An artsy black-and-white quasi-horror/romance film, released in 2014 and written and directed by Ana Lily Amirpour. Though it was marketed as a modern-day Iranian vampire Western, starred a number of actors of Middle Eastern descent, and had all dialogue in Farsi, it was actually an American movie, filmed in the small town of Taft, California

The film's stars included Sheila Vand as the Girl, Arash Marandi as Arash, Marshall Manesh as Hossein, Arash's junkie father, Dominic Rains as the abusive pimp and drug pusher Saeed, Mozhan Marno as Atti, a prostitute, Rome Shadanloo as Shaydah, a wealthy socialite, and Milad Eghbali as a street urchin. 

The tale is set in Bad City, a grimy industrial wasteland. While the clean-cut and moderately honest Arash tries to keep his father clean of drugs, he loses his beloved car to the rotten and heavily tattooed Saeed, who takes it to recover Hossein's debts. But it isn't long before Saeed gets his comeuppance -- he tries to seduce a girl wearing a chador, which ends badly for him after she pops fangs, bites his finger off, and murders him. From there, the film alternates from the awkward, slow-burning romance between Arash and the Girl, to scenes of the weirdly stylized decadence and poverty of Bad City, to the Girl roaming the streets looking for her next meal. Is there hope for love for a nice Iranian boy and a hipster Iranian vampire? Or is Arash going to end up at the bottom of the corpse-filled ditch on the outskirts of town?

I'm not sure I would call this a horror movie. Yes, there's a vampire. Yes, she stalks and kills. Yes, there are moments of dread and fear -- the Girl dispatching Saeed is sudden and shocking and brutal, and her threats against the terrified street urchin are definitely frightening -- but there's a much stronger emphasis on romance than on horror, and it feels a lot more like watching a foreign art-house film than a vampire flick. 

That doesn't mean it's not worth watching, even for hardcore horror fans. The modern Middle East is a setting rarely utilized in horror cinema -- and it should be used more, because there's so much of Middle Eastern society that cries out for horror films, from the rich mythology to the clash of Western and Muslim values to the just-under-the-skin immoralities that fester in any strongly fundamentalist culture. There's only a little true horror in this film, but it certainly illustrates the need for smart horror that touches on every culture, not just Caucasian Western culture.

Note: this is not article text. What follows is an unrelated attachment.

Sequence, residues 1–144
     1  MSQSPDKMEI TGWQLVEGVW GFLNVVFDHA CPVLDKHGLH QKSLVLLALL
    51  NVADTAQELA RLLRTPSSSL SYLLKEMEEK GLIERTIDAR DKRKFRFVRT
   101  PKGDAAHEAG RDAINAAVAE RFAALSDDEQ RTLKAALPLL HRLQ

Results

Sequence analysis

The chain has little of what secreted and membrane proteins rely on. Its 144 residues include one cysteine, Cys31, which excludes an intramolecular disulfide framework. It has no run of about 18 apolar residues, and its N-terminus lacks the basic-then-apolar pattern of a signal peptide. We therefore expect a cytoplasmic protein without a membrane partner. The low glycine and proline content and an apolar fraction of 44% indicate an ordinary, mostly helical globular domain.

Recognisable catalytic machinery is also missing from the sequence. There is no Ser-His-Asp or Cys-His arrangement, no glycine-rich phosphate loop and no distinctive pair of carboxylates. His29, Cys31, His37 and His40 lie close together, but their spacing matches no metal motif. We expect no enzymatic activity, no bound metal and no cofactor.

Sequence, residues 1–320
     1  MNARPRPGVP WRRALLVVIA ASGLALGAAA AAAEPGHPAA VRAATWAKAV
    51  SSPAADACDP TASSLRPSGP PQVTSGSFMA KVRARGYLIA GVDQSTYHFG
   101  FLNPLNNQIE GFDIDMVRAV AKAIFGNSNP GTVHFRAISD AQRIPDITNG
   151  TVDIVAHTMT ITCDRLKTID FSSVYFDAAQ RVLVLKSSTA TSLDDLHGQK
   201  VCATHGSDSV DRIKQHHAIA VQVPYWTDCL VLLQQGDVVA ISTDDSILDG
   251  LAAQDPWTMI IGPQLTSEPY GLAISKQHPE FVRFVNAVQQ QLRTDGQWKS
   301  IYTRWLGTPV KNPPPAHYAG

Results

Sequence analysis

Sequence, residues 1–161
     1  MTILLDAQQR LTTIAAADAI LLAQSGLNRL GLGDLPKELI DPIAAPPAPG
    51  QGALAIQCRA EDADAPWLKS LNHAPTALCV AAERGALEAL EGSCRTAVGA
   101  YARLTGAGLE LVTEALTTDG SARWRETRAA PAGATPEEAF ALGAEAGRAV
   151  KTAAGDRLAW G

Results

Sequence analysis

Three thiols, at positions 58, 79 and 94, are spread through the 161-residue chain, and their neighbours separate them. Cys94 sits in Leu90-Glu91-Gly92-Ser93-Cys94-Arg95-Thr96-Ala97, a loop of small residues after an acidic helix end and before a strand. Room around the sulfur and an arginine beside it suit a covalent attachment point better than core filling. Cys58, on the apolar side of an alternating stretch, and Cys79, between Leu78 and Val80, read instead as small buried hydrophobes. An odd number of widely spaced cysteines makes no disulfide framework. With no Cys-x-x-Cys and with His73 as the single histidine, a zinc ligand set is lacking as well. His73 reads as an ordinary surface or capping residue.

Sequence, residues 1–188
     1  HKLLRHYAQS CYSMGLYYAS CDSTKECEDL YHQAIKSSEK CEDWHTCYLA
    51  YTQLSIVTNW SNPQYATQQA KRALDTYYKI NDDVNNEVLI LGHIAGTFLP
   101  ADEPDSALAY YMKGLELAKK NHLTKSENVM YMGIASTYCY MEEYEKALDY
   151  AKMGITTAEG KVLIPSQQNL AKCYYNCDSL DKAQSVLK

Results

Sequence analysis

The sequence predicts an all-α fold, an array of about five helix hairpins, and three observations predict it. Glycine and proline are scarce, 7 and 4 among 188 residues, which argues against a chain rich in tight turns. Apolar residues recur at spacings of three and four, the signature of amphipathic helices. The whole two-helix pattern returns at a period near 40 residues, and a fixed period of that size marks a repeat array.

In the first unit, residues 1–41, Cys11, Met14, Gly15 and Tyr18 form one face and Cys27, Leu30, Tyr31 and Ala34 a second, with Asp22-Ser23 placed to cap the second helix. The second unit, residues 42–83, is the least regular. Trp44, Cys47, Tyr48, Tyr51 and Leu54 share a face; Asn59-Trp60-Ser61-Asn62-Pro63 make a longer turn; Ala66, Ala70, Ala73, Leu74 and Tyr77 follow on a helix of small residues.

And the film is really spectacularly beautiful. You could pause the movie at almost any point and find something you could print and hang on your wall. Cinematographer Lyle Vincent, production designer Sergio De La Vega, art director Sam Kramer, and costume designer Natalie O'Brien paint a city in black, white, and gray, creating astounding iconography and crafting visuals that aren't just gorgeous, but deeply cool as well. Watching the trailer will give you some idea of how gorgeous (and how weird) the movie is, but it's especially impressive when you watch it and realize just how good everything looks. 

I especially dig how weirdly disconnected the film is in time. Almost every character seems to embody a different decade or time period -- Atti pulls her style out of the 1930s and '40s, Arash looks like a 1950s greaser, Saeed is a stereotyped 1990s/2000s crime lord, and the Girl, with her striped shirt and pixie cut and dreamy dancing to old records in her movie-poster-filled flat, absolutely exudes 1960s cool. This timelessness is enhanced by the soundtrack, which is composed mostly of Iranian pop songs and Morriconesque spaghetti western music. 

Favorite bits of trivia: actress Sheila Vand wasn't able to ride a skateboard, so director Amirpour, a skilled skater, took care of the scenes where the Girl rides her stolen skateboard around Bad City. Amirpour also cameos as the girl in the skeleton makeup at Shaydah's party, and her face is on one of the posters in the Girl's apartment. 

horrorquest

Log in or registerto write something here or to contact authors.